While price shouldn't be the most important factor when choosing a flooring installer, it's still important to find one that honors your budget. We recommend getting quotes from three to five companies to compare labor costs. You can do this fully online or by requesting complimentary on-site estimates.
Warranties and Guarantees
You should look for two different warranties in your company search. A manufacturer's warranty protects you in case of a product defect, while an installer's warranty covers workmanship. Depending on the installer and flooring brand you select, warranty protection could be limited to a fixed term. In other instances, it continues for the life of the floor. Ask a company about its warranty terms, including extensions that could give you additional coverage.
Time management is key to a successful flooring job. Before you agree to work with a company, request an estimated timeline and inquire about what issues could impact the project. If a company commits to finishing the job by a certain deadline, get that guarantee in writing and state your expectations clearly as the work progresses.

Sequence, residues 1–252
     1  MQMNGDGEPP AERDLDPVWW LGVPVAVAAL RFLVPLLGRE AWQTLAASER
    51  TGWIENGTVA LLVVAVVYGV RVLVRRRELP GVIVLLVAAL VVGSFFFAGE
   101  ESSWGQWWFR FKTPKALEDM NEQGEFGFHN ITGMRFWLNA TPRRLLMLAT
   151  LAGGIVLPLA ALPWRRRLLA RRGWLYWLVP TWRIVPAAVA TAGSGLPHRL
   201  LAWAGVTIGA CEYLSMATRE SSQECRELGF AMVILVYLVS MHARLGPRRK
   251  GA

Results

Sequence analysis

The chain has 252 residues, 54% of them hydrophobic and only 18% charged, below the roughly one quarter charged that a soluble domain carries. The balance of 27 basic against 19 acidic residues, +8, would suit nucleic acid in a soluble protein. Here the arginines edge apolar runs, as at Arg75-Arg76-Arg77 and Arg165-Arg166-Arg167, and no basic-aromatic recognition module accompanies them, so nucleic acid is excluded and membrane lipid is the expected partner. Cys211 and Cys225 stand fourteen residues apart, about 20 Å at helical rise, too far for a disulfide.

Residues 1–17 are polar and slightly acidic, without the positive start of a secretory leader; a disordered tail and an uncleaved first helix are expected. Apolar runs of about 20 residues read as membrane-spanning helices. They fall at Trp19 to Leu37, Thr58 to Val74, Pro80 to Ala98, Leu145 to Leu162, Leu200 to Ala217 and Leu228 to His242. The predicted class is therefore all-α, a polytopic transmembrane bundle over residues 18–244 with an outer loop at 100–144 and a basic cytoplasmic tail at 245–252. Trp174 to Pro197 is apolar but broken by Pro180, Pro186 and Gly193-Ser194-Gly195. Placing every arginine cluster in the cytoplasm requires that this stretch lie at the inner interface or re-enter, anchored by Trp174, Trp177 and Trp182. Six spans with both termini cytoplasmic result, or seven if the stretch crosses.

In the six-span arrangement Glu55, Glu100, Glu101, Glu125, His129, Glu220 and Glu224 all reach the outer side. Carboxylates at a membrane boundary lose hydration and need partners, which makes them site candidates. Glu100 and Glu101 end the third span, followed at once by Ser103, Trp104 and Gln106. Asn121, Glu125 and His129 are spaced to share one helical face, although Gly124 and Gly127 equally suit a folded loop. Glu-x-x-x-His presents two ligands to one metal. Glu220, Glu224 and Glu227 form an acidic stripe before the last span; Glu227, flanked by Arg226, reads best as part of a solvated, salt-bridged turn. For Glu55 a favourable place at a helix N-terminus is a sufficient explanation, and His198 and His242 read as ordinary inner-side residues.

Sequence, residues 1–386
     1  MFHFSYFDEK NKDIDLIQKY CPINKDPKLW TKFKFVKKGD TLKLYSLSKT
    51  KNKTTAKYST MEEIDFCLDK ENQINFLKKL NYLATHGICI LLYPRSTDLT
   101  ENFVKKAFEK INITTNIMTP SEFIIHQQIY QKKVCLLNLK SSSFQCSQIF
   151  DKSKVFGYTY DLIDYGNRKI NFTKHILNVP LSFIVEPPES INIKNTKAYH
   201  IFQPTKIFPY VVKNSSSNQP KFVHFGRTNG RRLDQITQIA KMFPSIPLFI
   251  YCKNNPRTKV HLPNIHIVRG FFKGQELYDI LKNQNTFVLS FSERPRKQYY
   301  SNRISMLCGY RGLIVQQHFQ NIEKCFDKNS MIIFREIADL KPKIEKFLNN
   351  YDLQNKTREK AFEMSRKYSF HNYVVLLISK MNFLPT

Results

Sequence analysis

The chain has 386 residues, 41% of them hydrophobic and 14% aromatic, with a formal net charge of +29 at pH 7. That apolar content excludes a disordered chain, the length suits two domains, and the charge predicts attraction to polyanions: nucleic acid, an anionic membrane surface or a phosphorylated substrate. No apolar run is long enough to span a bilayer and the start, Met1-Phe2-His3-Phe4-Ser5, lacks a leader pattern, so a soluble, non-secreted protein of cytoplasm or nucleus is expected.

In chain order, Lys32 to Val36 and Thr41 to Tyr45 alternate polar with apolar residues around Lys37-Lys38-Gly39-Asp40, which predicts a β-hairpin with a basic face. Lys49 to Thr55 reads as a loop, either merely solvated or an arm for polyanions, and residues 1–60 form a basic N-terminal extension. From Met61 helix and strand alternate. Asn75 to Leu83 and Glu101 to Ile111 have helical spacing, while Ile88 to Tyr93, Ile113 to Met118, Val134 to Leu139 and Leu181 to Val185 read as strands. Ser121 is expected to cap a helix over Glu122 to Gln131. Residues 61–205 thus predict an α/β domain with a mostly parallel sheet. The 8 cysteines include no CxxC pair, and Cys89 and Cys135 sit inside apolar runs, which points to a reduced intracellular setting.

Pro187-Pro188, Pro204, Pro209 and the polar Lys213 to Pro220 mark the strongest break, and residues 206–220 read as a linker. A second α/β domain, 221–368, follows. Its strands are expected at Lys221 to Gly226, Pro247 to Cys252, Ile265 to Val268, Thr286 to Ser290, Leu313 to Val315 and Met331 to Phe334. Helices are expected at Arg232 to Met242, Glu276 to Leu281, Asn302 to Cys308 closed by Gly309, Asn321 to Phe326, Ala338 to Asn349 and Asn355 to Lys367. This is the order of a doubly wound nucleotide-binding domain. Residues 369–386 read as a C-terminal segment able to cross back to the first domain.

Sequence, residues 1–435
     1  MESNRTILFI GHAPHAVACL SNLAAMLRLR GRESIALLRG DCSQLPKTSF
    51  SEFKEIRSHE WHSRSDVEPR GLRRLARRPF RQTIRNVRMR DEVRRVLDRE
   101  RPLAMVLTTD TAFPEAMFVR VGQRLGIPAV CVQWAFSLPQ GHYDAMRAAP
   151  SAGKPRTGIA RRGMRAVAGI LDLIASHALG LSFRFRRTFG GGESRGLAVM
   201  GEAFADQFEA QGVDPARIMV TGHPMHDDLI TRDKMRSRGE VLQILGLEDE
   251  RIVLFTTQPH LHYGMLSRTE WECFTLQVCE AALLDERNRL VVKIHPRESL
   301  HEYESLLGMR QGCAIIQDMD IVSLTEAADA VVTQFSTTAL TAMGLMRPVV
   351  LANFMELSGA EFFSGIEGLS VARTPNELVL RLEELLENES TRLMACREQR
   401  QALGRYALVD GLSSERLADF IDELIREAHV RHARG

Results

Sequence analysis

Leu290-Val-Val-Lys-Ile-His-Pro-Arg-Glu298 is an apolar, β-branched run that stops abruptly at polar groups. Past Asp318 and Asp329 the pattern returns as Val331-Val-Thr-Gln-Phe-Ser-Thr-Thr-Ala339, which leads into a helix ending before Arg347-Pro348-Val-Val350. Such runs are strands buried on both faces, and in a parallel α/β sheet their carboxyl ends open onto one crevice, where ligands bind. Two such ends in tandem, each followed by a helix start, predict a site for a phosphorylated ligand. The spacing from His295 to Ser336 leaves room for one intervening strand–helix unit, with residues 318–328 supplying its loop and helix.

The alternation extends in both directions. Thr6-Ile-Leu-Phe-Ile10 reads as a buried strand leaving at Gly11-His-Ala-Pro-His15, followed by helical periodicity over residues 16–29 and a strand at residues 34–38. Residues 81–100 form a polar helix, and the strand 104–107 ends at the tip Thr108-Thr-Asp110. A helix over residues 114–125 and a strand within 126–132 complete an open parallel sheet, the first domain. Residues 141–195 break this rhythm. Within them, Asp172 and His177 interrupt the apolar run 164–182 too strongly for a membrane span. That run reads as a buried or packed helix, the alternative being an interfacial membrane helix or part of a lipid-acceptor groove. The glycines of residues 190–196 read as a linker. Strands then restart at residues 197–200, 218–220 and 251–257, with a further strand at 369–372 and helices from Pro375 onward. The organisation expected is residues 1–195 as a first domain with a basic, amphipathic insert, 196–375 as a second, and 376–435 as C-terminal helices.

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Frequently Asked Questions About Flooring in West New York
What are the best flooring installation prices?
See our guides to how much each flooring type typically costs:
What are some of the most popular types of flooring in West New York?
Do West New York flooring companies need to be licensed?
What is the best type of flooring for a kitchen?
How do I choose the right flooring material for my space?
Other questions to consider are the following:
- Does the room see a lot of moisture or foot traffic?
- What style best compliments my walls, furniture, and millwork?
- What are the long-term benefits of choosing one material over another?